Sylvania Products Tour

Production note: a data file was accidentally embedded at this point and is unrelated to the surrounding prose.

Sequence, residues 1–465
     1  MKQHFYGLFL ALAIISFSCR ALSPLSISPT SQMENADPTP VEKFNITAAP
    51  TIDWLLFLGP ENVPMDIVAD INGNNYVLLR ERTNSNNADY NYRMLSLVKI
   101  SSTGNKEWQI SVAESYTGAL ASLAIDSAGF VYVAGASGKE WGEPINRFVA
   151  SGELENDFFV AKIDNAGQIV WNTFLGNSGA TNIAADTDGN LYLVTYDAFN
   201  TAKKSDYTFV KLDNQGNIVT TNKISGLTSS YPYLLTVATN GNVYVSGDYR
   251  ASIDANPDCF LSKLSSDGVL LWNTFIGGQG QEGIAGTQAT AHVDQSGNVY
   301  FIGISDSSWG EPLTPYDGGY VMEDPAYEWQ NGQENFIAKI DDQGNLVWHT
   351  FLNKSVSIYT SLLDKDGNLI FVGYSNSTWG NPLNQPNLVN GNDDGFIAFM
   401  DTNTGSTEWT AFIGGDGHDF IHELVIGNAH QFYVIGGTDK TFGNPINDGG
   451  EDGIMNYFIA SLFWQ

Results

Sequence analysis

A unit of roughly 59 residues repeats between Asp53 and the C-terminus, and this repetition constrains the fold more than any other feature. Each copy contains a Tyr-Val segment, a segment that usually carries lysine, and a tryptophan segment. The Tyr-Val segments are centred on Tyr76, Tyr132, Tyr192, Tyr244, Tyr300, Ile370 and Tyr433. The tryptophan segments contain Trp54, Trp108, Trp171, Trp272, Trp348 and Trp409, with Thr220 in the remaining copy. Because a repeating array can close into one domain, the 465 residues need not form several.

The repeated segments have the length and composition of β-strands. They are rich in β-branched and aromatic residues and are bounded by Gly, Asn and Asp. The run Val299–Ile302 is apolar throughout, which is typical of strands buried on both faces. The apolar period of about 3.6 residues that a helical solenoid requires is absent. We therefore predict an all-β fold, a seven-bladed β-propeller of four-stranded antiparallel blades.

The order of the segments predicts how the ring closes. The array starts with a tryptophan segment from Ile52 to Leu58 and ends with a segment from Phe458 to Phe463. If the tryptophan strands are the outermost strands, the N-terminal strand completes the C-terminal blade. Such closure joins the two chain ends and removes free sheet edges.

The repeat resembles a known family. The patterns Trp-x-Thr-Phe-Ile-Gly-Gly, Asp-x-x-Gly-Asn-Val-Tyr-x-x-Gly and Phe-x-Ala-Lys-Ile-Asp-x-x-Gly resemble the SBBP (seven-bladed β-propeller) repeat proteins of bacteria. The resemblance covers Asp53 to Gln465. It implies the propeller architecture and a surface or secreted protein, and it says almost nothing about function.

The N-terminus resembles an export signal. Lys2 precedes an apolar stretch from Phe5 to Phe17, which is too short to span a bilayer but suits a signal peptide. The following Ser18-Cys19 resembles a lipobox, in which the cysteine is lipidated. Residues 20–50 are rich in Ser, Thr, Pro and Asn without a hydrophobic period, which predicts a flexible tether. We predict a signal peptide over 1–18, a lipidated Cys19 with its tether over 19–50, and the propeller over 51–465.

Sylvania electronics of Emporium, Pennsylvania was the second largest receiving tube manufacturer and R.C.A’s arch rival. As with most of the “New Jersey” bunch, Sylvania got its start in the light bulb business. Yes it was the light bulb manufacturers who had the skills and experience in glasswork, metallurgy & high vacuum that are needed to make a fine tube. Like the rest of the NJ bunch, Sylvania sought out and retained the most skilled men and women available, including former Edison employees. They also lured away R.C.A.’s chief tube engineer of seven years, Roger T. Wise in 1927. This was a real jewel in Sylvania’s crown, and was reportedly announced with much fanfare. It’s hard to say why he did it for sure, but he moved out to Emporium and built a beautiful house 5 months before he took up his post at Sylvania which makes me think that part of the reason for the change was he just wanted to get out of the smoke and clatter of NJ to start his new family. He was having his first child and Sylvania’s tube plant was nestled in the beautiful, wooded, rolling hills outside Emporium, PA, a point they stressed in their recruiting efforts. Another one of Sylvania’s main philosophies was to start with the highest quality materials possible, and they were very good at it. They were so good that by 1948, they were the largest supplier of getters, wire and other internal tube components in the industry. Their getters were so good that most major tube manufacturers in America used them and their wire was good enough to be used extensively in Western Electric tubes! This emphasis on material and employees showed in the final product to. Even to the casual observer, Sylvania tubes manufactured during the golden years (1920’s-1950’s) simply exude an intrinsic beauty with their large, sweeping, mirror-finish getters and often, optical-quality micas. In certain tube types, the early Sylvania simply blows away everything else. Unfortunately, good things often don’t last and Sylvania was one of those. The tooling held out pretty good up until the late 70’s maybe even the 80’s but the chemistry and intrinsic quality of the entire package went to hell in the late 50’s. Of course, some 96 percent or so of what is out there for sale today is the horrid sounding mil. spec. Phillips branded stuff from the 70’s and 80’s but you won’t have to worry about that here.